Stove manufacturers working to tackle emissions

SPECIAL REPORT: Dennis Milligan of the Stove Industry Alliance outlines efforts to reduce emissions from the domestic burning of wood and coal.  

Lord Gardiner of Kimble under-secretary of state at Defra has confirmed that the government is working alongside stove manufacturers, fuel suppliers and retailers to reduce emissions from the domestic burning of wood and coal (see story).

But what are they doing?

With the support of Defra, the Stove Industry Alliance (SIA) has introduced Ecodesign Ready Stoves, five years ahead of the Ecodesign Regulations becoming law. Ecodesign is the European wide legalisation aimed at reducing emissions, (PM2.5 & PM10), and improving appliance efficiency. It is due to be implemented for solid fuel room heaters in 2022. From January 2022 it will be illegal to sell a stove that has not passed the Ecodesign emission and efficiency tests. Unlike Defra’s exemption for wood burning stoves, which only applies to smoke control areas, Ecodesign will cover the whole country.

From 2020 the main manufacturers in the SIA have also committed to only manufacture new stove models that will satisfy Ecodesign requirements. Independent testing by Kiwa, the main UK test laboratory for solid fuel appliances, has shown that Ecodesign Ready stoves can reduce particulate emissions by 90% compared to an open fire and 80% compared to a stove manufactured ten years ago.

The DECC Domestic Wood Usage survey (2015) revealed that 70% of the wood burnt in London was burnt on open fires (nationally the figure is nearly 60%).  Defra’s own figures show that domestic coal and wood burning contributes between 7% to 9% of London’s fine particulate concentrations (PM2.5 & PM10). From these figures, it can be seen that the installation of Ecodesign Ready stoves could lead to a significant reduction in PM emissions. The SIA is pushing for an upgrade scheme that could accelerate the replacement of older appliances with Ecodesign Ready stoves. Ecodesign Ready stoves were launched in January and there are already over 200 models available. Stove test results are verified by HETAS, the largest competent person scheme for installers of biomass and solid fuel heating in the UK which also approves appliances and fuels. This means that the consumer can be confident that the stove will meet the Ecodesign emission limits.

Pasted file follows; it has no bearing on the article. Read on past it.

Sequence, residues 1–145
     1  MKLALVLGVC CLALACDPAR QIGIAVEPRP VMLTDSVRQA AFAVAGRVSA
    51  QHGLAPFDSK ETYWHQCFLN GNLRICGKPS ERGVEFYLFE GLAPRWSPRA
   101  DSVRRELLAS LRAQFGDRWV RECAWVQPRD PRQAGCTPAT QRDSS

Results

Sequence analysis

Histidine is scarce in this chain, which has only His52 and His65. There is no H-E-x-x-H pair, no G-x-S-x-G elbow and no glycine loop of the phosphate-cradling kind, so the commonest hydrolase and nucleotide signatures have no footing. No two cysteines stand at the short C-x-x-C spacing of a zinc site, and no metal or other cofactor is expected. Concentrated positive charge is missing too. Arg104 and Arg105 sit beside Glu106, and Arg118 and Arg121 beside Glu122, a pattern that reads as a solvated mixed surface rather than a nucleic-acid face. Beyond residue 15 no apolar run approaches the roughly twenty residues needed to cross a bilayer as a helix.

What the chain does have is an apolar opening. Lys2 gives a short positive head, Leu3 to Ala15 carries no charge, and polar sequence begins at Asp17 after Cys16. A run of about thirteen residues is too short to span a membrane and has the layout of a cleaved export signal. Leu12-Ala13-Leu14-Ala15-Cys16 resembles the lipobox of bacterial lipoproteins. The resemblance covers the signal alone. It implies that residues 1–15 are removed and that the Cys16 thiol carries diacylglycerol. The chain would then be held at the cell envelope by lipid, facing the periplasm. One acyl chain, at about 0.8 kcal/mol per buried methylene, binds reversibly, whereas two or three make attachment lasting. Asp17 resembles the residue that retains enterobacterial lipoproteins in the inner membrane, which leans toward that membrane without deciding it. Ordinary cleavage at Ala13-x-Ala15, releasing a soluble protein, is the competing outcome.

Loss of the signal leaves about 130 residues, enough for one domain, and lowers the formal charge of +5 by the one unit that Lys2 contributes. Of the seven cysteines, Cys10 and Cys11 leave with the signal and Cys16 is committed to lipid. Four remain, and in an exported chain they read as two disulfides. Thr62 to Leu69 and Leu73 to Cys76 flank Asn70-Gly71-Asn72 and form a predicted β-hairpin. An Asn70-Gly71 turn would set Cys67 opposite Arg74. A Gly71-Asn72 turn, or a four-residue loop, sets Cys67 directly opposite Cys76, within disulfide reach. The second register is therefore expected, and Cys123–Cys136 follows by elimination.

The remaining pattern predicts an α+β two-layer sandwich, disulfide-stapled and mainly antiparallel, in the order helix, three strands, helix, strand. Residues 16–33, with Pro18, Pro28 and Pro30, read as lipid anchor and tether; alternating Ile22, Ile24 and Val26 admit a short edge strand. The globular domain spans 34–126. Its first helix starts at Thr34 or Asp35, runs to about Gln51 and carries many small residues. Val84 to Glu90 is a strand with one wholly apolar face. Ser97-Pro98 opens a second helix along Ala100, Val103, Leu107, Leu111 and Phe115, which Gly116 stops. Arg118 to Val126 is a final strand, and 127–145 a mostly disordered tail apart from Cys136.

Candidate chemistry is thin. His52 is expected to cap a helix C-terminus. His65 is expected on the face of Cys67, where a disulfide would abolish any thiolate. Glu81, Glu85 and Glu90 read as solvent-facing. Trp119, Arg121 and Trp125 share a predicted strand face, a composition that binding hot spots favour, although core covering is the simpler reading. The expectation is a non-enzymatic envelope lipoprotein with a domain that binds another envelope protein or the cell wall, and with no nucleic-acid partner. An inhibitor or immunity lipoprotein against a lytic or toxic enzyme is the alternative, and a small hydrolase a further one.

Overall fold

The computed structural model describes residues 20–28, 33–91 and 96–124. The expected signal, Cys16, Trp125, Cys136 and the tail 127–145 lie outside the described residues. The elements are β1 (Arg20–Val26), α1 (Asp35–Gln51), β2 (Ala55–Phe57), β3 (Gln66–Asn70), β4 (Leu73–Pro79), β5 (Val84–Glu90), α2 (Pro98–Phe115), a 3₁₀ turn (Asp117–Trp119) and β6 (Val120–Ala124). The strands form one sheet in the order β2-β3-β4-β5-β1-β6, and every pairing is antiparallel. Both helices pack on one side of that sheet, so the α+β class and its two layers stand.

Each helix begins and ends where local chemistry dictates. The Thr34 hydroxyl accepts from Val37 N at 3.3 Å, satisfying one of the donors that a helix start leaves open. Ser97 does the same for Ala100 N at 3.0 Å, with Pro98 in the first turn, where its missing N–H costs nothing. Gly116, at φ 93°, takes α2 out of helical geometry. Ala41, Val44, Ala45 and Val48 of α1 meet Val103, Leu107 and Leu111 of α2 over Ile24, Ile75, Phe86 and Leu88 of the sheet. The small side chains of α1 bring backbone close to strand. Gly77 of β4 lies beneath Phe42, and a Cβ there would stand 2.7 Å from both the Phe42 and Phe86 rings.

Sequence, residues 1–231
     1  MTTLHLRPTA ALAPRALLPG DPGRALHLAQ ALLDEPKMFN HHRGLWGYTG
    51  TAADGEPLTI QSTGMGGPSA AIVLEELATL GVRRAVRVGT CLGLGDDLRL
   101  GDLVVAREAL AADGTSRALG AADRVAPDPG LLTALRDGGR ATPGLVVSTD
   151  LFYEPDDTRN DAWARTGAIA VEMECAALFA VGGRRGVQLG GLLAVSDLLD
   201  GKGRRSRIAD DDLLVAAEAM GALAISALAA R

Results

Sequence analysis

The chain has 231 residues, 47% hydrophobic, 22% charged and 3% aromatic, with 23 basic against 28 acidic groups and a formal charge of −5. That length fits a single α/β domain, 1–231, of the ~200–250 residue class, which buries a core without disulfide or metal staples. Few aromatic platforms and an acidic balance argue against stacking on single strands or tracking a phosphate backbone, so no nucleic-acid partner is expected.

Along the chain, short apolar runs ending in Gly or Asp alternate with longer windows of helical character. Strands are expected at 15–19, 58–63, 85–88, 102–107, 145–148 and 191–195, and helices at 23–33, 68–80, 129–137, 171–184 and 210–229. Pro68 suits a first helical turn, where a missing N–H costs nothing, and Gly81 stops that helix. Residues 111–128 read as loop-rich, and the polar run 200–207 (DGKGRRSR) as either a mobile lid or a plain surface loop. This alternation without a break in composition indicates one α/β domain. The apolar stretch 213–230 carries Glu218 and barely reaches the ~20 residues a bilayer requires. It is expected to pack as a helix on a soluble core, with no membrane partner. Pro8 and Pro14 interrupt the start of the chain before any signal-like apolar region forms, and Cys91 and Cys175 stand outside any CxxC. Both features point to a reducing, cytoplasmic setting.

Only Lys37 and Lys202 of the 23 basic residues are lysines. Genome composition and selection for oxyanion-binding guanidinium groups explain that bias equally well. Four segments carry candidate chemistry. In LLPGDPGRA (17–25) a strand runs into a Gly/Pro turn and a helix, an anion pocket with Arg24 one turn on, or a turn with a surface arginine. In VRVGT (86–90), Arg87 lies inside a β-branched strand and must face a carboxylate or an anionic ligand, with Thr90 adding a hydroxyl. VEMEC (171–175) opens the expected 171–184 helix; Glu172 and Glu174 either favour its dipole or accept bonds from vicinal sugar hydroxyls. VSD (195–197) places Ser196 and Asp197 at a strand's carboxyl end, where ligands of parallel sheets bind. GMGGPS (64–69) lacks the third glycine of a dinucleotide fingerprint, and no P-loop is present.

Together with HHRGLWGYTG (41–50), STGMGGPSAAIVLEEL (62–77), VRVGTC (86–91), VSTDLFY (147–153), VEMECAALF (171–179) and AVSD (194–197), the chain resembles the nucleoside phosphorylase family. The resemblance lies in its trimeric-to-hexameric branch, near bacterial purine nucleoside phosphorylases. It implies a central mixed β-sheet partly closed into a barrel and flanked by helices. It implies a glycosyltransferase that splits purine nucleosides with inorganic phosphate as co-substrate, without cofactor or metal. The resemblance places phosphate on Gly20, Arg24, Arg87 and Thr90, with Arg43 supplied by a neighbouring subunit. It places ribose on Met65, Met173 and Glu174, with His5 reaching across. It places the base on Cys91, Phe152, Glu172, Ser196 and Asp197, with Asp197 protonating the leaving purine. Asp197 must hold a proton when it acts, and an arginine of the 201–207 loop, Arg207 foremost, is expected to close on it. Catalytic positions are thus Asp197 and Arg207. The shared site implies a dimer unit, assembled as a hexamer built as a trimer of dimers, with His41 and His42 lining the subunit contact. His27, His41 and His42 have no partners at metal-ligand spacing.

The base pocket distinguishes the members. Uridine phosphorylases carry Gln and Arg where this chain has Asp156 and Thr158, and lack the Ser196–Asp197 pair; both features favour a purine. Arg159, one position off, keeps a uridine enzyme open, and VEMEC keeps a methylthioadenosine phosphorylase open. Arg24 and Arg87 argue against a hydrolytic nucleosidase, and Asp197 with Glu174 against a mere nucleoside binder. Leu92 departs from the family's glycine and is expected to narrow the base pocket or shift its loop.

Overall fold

Wood moisture

Modern clean burning stoves are designed to burn dry wood. Dry wood creates fewer emissions and produces more heat than wet wood. Wet wood can also lead to a blackening of the stove glass and a build-up of soot in the chimney. Defra is again supporting the industry to create a new category of wood called Ready to Burn.

Wood needs to be dried before it is burnt. Freshly cut wood can have a moisture content between 60% and 80%. This makes burning fresh wood equivalent to burning water. To dry logs properly they need to be left to dry for between one and three years (the length of time depends upon the species. Ash for example may take 12 months while oak may take 36 months.) This is known as seasoning.

Most people buying a stove do not have the space to dry wood for up to three years. They want to buy wood that is ready to burn. As a result, stove owners are encouraged to burn kiln dried wood, which has a moisture content of less than 20%, and dried/seasoned wood, that has been allowed to dry, but too often ‘seasoned logs’ have been sold with too high a moisture level; often between 30% and 50%. The Woodsure Ready to Burn logs will have a verified moisture content below 25%. This means the consumer will be able to buy a bag of logs branded Ready to Burn in the knowledge that the wood will give optimum performance in the stove.

Ready to Burn

Using dry wood also means that fewer logs are needed to produce the same level of heat. This, in itself, reduces emissions because less wood is being burnt. It also saves the stove owner money. The diagram below illustrates the impact of wet wood on the heat produced by a log.

Taken together Ecodesign Ready stoves and Woodsure Ready to Burn wood can produce more heat for the stove owner and produce fewer emissions in the environment. Most people already know that a wood burning stove will produce significantly lower carbon than oil or gas. They can now use a wood burning stove, knowing they are reducing particulate emissions and CO2.

Defra is making the right choices with a responsible industry that is taking the initiative to improve air quality.


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